We emphasized that since 1991, in the context of the improved security environment and in keeping with the Alliance's stated principle of keeping its forces at the minimum sufficient level, NATO has reduced the types and numbers of its sub-strategic nuclear forces by over 85 percent. These reductions included the complete elimination of all nuclear artillery and ground-launched missiles. Furthermore, NATO has significantly relaxed the readiness criteria for nuclear-roled forces.
We affirmed that arms control, disarmament and non-proliferation - with the stability, transparency, predictability, lower levels of armaments, and verification they can provide - will continue to play a major role in the achievement of NATO's security objectives. Alliance work in these areas is ongoing as a contribution to the Washington Summit remit. We reviewed evolving threats from proliferant states. We reaffirmed our belief that Alliance forces deter the use of weapons of mass destruction, thus contributing to the Alliance goal of preventing the proliferation of these weapons and their delivery means. All Allies support the central treaties related to disarmament and non-proliferation of weapons of mass destruction and are committed to full implementation of these treaties. With a view to the upcoming Nuclear Non-Proliferation Treaty (NPT) Review Conference in Spring 2000, we reaffirmed our full support of the Treaty and our continued commitment to efforts aimed at reducing nuclear weapons; we urged all countries which have not yet done so to accede to and fully implement the NPT. We continue to urge the Russian Federation to ratify START II so that the benefits of this treaty can be reaped and negotiations on a START III treaty can be set in train. We continue to support the ratification, early entry into force, and full implementation of the Comprehensive Nuclear Test Ban Treaty.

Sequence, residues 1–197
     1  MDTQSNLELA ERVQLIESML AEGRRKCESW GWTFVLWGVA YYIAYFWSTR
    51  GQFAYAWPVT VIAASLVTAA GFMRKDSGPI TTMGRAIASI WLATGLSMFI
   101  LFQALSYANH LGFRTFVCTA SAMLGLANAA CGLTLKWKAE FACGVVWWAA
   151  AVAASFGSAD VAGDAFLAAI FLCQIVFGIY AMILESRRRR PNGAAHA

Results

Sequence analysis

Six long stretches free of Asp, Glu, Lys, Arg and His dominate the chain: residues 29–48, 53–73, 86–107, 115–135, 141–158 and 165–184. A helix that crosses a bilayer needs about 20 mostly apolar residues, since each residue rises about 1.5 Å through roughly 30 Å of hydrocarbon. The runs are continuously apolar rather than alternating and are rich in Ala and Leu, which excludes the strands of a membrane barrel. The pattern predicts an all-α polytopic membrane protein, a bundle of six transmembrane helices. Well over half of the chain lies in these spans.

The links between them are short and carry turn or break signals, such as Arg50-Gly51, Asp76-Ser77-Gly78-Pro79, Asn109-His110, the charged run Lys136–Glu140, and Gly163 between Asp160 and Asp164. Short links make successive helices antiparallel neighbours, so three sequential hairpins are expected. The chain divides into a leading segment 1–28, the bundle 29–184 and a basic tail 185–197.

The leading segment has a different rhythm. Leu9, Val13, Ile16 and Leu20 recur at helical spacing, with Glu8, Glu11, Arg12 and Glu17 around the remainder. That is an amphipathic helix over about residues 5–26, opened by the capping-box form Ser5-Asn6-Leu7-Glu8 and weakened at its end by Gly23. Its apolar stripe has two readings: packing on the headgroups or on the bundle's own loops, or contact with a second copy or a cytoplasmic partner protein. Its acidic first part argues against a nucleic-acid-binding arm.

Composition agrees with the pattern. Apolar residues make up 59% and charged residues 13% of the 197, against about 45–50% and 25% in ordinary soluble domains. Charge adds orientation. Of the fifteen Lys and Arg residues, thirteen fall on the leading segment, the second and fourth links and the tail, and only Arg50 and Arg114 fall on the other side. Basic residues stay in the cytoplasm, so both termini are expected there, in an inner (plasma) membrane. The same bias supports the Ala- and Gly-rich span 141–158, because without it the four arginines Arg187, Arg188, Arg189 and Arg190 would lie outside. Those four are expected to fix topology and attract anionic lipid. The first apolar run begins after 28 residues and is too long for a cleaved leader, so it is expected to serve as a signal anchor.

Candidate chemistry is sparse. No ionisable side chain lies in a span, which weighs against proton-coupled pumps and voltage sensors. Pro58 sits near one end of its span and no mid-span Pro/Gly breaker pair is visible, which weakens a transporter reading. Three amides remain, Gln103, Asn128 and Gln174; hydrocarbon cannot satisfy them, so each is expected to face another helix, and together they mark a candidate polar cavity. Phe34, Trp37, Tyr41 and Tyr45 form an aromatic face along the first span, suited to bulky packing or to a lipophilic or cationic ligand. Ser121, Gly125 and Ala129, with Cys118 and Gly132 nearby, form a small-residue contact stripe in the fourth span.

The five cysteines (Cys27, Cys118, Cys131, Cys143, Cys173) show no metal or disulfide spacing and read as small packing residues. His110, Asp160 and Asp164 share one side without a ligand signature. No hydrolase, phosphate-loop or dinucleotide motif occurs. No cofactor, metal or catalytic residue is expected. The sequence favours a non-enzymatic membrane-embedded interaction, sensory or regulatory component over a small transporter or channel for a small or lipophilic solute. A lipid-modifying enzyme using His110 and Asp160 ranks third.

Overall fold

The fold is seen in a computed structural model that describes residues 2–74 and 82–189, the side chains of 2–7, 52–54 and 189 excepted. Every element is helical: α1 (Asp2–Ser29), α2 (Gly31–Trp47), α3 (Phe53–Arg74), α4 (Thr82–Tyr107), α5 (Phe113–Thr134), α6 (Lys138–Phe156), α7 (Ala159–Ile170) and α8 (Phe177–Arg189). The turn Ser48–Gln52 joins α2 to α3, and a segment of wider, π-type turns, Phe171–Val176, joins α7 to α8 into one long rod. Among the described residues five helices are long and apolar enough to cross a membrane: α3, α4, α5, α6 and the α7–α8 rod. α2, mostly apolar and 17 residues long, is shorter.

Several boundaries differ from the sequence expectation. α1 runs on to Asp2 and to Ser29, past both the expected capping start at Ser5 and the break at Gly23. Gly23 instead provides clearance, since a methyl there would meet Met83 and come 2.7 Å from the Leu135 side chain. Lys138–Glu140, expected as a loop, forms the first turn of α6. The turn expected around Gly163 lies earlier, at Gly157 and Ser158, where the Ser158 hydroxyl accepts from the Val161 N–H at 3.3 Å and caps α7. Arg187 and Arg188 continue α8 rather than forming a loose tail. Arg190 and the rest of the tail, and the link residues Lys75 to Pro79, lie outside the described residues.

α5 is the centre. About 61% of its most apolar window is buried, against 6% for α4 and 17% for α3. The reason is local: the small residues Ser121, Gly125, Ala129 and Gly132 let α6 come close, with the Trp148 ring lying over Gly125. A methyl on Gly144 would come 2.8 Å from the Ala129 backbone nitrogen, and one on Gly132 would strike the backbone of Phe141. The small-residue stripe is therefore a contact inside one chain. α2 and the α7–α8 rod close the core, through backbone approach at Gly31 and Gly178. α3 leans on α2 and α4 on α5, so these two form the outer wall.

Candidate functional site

Firmly committed to our partnership with Russia under the NATO-Russia Founding Act, we stand ready to resume reciprocal exchanges with Russia on nuclear weapons issues, and thus we reviewed possible next steps in such consultations. In this context, we note with concern that Russia appears to be moving towards a greater reliance on nuclear forces to ensure its security. We renew our call on Russia to review further its tactical nuclear weapons stockpile with a view toward making significant reductions. We look forward to further consultations on these issues. We welcomed plans by the United States to establish, in cooperation with Russia, a temporary joint Centre for Year 2000 Strategic Stability to deal with possible computer errors in either nation's missile attack warning systems. This is an important cooperative step towards ensuring overall nuclear safety and security.
We are pleased to note that Alliance nuclear forces, command and control systems and nuclear support infrastructure have been thoroughly reviewed and found to be fully compliant with the requirements of the changeover to the next millennium.